How to Upcycle Your Empty Pill Bottles Into World Landmarks

by Amy Minton

Image via WikiMedia

Image via WikiMedia

Living with depression and anxiety, I fluctuate between two levels of energy: sloth-immobilization and meth-agitation. You know what I'm talking about? Sure you do. You're a middle-aged woman, and according to my gossipy pharmacist, "Honey, everybody is on the meds." And honeys, I am ON THE MEDS.

Now, in the sloth-like manner of the depressed, I allow my prescription vials to stack up unrecycled. I'm just too focused on the elusiveness of my childhood dreams to scrape off the labels and chuck them all into the recycling bin. When the meth-level anxiety hits, odds are zero that these vials will rank anywhere near "SOLVE GUN CONTROL CRISIS" on my to-do list.

If you, too, experience the overmedicated pendulum swings of the average American, may I recommend a creative end to the madness? Use those empty vials to construct replicas of all the wonders of the world!

Hell, people like us are too depressed and anxious to travel, so let's sweep the crap off the dining table and construct our very own versions of Close Encounters mashed potato mountains.

PREPARATION: First, obtain a big-ass black marker to redact any private information from your prescription labels. Yeah, you're too lazy to scrape those labels off, but you're never too depressed to take a big-ass marker to anything: walls, your face, pictures of your ex, etc. Why do this? Because you are going to post your artistic genius all over social media for the promise of sweet, sweet accolades. And so what if you're advertising your medicated state on the Internet? Remember: "Honey, everybody is on the meds."

Image via Good Free Photos

Image via Good Free Photos

CHALLENGE 1: STONEHENGE

LEVEL OF DIFFICULTY: EASY

What is Stonehenge but a haphazard circle of rocks, some standing and some leaning? This is easy-peasy, but oh-so-satisfying to create.

First, form your ring of stones. Then knock over two or three, and lean just as many. Adjust until you are satisfied with the structured-yet-ruined look to your mini-henge.

Now, for authenticity, remove the vial at the top of the circle and place at a distance. This will be the "heel" stone. Add a vial across the top of two at the opposing end of the circle. This will be a "lintel" stone.

For added fun, place a small flashlight behind the heel stone, then peek through the frame provided by the lintel stone. By golly, you just simulated of the solstice sun alignment!

A pageantry of wonders just unfolded where you usually binge on your comfort carbs!

Image by Peter Dowley/Flickr

Image by Peter Dowley/Flickr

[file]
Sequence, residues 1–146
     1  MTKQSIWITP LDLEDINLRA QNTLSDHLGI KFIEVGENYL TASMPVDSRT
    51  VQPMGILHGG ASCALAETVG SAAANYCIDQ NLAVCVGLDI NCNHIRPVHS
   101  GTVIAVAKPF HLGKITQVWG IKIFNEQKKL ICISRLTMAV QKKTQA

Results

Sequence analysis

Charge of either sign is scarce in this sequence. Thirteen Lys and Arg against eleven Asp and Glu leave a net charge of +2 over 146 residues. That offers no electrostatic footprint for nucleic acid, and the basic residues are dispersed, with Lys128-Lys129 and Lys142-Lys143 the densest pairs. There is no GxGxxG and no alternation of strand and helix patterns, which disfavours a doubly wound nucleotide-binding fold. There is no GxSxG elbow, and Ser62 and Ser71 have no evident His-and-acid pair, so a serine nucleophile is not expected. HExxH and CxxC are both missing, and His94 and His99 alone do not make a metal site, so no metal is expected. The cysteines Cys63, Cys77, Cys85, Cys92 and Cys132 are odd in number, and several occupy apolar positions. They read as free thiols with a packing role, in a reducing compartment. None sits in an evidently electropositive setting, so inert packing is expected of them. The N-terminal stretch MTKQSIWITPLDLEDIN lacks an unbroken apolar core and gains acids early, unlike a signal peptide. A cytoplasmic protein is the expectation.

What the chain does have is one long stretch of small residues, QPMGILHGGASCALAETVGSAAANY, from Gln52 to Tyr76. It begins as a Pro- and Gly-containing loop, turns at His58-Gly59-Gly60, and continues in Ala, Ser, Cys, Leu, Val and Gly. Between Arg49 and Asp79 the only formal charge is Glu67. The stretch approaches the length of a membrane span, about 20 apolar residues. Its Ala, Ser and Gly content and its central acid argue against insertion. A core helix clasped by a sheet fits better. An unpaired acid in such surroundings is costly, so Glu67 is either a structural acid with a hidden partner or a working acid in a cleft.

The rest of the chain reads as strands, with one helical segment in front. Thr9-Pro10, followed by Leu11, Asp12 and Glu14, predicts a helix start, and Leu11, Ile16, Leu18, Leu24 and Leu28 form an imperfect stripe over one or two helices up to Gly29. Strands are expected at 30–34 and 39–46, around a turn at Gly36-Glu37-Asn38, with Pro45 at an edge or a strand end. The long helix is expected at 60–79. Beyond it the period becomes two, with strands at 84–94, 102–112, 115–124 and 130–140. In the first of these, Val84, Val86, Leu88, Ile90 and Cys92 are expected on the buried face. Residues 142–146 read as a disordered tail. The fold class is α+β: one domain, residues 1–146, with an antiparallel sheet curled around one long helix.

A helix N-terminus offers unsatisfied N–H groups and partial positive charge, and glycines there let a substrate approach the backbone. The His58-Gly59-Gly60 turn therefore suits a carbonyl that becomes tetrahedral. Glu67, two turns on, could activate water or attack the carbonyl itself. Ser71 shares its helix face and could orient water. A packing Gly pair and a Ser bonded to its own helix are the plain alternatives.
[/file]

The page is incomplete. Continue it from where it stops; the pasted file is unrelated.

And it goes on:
CHALLENGE 2: GREAT WALL OF CHINA

LEVEL OF DIFFICULTY: MODERATE

For this you will require extra materials: two or three books of significant heights. (Look to the white male authors to provide desired effect. Here, I used Shakespeare and William Trevor, but Tolstoy or Dickens will do.)

First, remove the caps of your vials to create a winding path along your table. At random intervals, place a vial to act as a tower.

When your winding path is complete, insert the white male authors under two sets of towers to create the rolling hills.

Look! The miracle of human productivity that can be seen from outer space is now snaking its way across the table where you discomfort your dinner guests with surprise fits of sobbing!

Image by Simon_Goede/Pixabay

Image by Simon_Goede/Pixabay

CHALLENGE 3: ANGKOR WAT

LEVEL OF DIFFICULTY: HIGH

This 400 acre, 12th century Khmer city is not only an UNESCO World Heritage Site, but also the Seventh Wonder of the World. For this, you need to bring your A-game.

First, the additional materials: the lotus bud-shaped towers don't lend themselves to the prescription vial shape, so find a tall, conical item for the centerpiece. Here, sticking to the prescription-theme, I'm using my beagle's medical ear wash.

If needed, use a prescription vial to add height to what will be a central tower. Then build your external mound by encircling the tower with vials.

Here's where things get tricky. Using your mad Jenga skills, add levels of vials to the tops of the bottom layer, ensuring that they all rest slightly off center, as if sloping toward the central tower.

When you become frustrated, declare victory. Quickly photograph the model before it falls. Apply a glamourous glow filter to suggest religious mysticism and South Pacific heat [Ed: and maybe a fancy frame too!].

You know what will never be the same? Using your placemat to dry your tears of disappointment and regret! The vision of this ancient marvel will stand tall, if not slightly catawampus, before your glassy eyes!

NOW TAKE IT FROM HERE!

There's no end to the ways you can arrange your empty prescription vials to summon the miracles of our great planet as a balm for your defective brain chemistry! Within minutes, you can build a Parthenon (have fun finding a triangle thingy that rests atop a row of eight vials!), a redwood forest (just add wilted plant leaves from your failed experiment in gardening!), or Petra (aka, that rocky relief where Sean Connery almost died in that Indiana Jones movie!).

One woman's trash is another woman's treasure. In this case, though, you are that same woman... in that schizophrenic way that requires pharmaceuticals.

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Next time on How to Upcycle Your Empty Pill Bottles: How to Turn Your Bookshelf Into the Mesa Verde Cliff Palace


Amy Minton lives in San Antonio with her understanding husband and Buddha-like teen son. She is the keeper of many hounds and the sipper of varietal black teas. She is friendly and bitchy.